This one is basically filler. But it satisfies the “absurdity” quotient of which I am so terribly fond, so here we go. Apologies in advance for possibly wasting your time.
Even though I live in the freeway-stitched city of Los Angeles, I remain primarily a walker, rather than a driver. One reason for that preference is there is no eye test for walking. Second, when walkers have an accident – which itself is extremely rare – unlike when you’re driving, nobody dies or gets seriously mangled.
Two people collide, (or a person and a lamppost if your peripheral vision is limited; it happens), you go, “Ow!”, you fall down, maybe, you’re embarrassed. But you’re not in the hospital, and nobody’s notifying the name in your wallet designating “Who To Call.”
You’re discombobulated. But you’re alive.
My Santa Monica – essentially a suburb of Los Angeles – walking experience inevitably involves intersections. I imagine you’re familiar with how they work – “Red Light” – Stop; “Green Light” – Go. I know, it’s an infringement on personal freedom – the government micromanaging your movements – but it’s a small price to pay for not being flattened by a bus.
Here in Santa Monica, accompanying the “Green Light”, is the very helpful “Flashing Countdown”, an illuminated sign on the light standard indicating how many seconds you have to cross the street. Calibrating the time-distance ratio helps pedestrians determine whether or not to make their move.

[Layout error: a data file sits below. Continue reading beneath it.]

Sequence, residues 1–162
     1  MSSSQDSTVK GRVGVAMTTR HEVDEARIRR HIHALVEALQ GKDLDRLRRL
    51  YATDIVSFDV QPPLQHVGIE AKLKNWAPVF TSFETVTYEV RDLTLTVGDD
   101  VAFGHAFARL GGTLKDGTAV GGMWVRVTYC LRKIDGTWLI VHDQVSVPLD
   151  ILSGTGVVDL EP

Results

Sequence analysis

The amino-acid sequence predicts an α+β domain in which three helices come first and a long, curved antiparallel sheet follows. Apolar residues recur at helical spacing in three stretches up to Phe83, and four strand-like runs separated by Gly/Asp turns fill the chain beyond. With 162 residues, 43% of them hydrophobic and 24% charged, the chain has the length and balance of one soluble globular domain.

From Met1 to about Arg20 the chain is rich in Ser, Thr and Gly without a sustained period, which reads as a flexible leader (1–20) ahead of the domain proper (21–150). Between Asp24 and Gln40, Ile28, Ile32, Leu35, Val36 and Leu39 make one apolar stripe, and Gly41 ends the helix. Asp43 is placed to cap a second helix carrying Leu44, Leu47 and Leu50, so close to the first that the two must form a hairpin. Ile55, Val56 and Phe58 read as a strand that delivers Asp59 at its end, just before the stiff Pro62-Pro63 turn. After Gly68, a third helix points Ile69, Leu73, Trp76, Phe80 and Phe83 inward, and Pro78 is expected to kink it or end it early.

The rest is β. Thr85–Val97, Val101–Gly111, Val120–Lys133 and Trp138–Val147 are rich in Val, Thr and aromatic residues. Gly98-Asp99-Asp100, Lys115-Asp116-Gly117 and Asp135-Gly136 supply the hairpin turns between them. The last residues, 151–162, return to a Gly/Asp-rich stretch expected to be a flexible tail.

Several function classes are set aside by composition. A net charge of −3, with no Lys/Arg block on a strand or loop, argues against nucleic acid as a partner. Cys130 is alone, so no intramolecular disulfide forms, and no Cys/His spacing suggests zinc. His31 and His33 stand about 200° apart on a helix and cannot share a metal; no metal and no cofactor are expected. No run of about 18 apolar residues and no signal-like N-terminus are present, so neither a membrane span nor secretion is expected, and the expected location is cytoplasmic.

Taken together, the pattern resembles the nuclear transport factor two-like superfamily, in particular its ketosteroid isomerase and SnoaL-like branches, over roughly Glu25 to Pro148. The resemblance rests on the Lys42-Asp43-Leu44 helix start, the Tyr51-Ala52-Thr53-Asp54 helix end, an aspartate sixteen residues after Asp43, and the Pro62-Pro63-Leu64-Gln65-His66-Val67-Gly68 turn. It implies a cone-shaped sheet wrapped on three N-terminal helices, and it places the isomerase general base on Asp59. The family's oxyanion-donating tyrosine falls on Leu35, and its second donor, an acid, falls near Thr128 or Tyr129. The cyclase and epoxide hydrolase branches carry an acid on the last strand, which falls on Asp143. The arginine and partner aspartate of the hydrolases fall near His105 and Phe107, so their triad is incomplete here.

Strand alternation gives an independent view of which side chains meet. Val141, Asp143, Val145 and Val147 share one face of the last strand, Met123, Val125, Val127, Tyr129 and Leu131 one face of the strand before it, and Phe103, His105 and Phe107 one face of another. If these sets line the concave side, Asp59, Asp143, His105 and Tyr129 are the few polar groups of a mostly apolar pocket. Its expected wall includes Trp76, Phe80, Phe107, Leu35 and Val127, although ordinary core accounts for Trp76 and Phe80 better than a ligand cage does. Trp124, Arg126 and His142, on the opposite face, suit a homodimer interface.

(In Santa Monica, where we care about all people equally, the “Green Light” is also accompanied by a “Hoo-hoo” cuckoo-bird sound, alerting the sightless that, “It’s time to cross.” I don’t know they do it in other places. It could be as simple as asking a nearby pedestrian, “Is it ‘Green’ now?”, sparing the community the expense of the “Hoo-hoo.”
But somehow it gets done. You don’t read about huge numbers blind people outside of Santa Monica strolling out into traffic.)
The available crossing time is generous. If you’re there when the “Countdown” begins, you have ample opportunity to complete the cross. The only people who run are the macho types – though you don’t have to be a man – who arrive with the “Countdown” at “5 seconds” or lower and decide to make the dash, unwilling to delay their important business by thirty seconds.
It’s all good. The light turns “Green”, you’ve got the “Countdown” to help set your pace, the “Hoo-hoo” for the sightless. Life at a Santa Monica intersection is beautiful.
Our nation’s capital – Washington D.C, the city where the most brilliant minds available wrack their brains to find answers to our country’s thorniest problems. These are the biggest geniuses we’ve got.
And here’s what they came up with for crossing the street in their city.
I am visiting Washington, a “Plus One” at a convention attended by Dr. M. I am eager to check the place out. I exit the hotel, and I go for a walk. Inevitably arriving at an intersection. It happily turns out that
Washington D.C., too, is a participant in the “Countdown.”
The street I’m about to cross is narrow. The light turns “Green.” The “Countdown” flashes on, and begins counting down. I have forty-five seconds to cross the street.